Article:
Credit Texas Station Collaborative

Texas Decides is a project from the Texas Station Collaborative, which includes KERA in Dallas, KUT in Austin, Texas Public Radio in San Antonio, Marfa Public Radio and Houston Public Media.

The project started in the run-up to the 2016 election. Public radio stations across Texas asked listeners to submit questions related to national, statewide and local politics. After listeners voted on their favorite questions, reporters tackled everything from why Texas is so red to why voter turnout is so low in the state.

At the start of the 85th Legislature, stations teamed up again to ask listeners to submit questions about the complicated lawmaking process in Texas. Now, stations from throughout the Lone Star state have joined forces again to tackle the 2018 primaries. So go ahead and ask.

See all stories from the "Texas Decides" project below.

Early voting in the Democratic and Republican primary runoffs end Friday.

How Much Does Voting Matter In A Gerrymandered District?

Mar 1, 2018

This term, the U.S. Supreme Court will decide three cases on partisan gerrymandering, including one from Texas. At issue: Is drawing congressional districts to favor one political party over another unconstitutional?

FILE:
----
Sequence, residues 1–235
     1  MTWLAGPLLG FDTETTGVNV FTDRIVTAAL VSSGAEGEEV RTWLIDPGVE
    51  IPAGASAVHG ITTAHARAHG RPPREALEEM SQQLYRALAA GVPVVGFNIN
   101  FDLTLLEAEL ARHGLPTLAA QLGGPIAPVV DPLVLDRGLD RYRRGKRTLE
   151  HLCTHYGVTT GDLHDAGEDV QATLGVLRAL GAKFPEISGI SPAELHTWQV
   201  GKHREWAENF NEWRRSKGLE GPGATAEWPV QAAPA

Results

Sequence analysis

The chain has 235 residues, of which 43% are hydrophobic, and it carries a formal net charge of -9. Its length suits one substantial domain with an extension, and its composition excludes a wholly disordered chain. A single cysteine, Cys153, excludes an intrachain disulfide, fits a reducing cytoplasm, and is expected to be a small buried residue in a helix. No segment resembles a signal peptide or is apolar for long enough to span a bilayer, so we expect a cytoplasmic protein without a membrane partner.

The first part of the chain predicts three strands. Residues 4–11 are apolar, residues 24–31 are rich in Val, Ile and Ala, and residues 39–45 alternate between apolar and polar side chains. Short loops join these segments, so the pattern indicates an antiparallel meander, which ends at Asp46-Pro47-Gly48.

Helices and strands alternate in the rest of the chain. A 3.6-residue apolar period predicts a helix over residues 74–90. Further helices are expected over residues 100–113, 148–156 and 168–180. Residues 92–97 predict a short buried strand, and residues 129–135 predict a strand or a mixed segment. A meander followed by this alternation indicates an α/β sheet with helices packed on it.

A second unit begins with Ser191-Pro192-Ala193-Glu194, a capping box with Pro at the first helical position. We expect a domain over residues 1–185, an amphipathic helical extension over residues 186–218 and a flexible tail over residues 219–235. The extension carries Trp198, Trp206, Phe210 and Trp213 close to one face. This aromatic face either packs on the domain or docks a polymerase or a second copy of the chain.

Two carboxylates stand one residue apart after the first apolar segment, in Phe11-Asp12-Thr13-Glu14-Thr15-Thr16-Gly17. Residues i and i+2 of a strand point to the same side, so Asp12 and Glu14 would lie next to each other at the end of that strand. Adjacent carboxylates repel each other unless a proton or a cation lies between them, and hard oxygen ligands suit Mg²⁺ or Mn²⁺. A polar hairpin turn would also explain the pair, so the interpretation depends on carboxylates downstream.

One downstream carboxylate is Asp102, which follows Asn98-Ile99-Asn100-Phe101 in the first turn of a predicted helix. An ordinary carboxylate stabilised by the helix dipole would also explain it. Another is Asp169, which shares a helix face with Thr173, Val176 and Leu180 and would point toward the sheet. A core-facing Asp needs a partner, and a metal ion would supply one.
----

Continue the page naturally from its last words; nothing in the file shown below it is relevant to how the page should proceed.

Early voting for the March 6 primaries in Texas started this week. But, if you plan on voting on Election Day, it’s possible you might run into someone at your polling location with the title of “election judge.”

As part of our Texas Decides project, a listener wanted to know what they do and how they got that job.

From Texas Standard.

If you’re loyal to a particular political party, have you – or a fellow Democrat or Republican – at least thought about voting in the opposing party’s primary? Maybe for a person you think would be a weaker candidate in the general election? Or maybe just to “mess” with the “other team”?

In this primary election, voters will decide who appears on November's general election ballot. From now until March 2, you can cast your ballot at any polling place in the county where you’re registered. But on Election Day, most Texas voters have to go to their assigned polling place. (That's unless you’re in one of the counties participating in a special program.)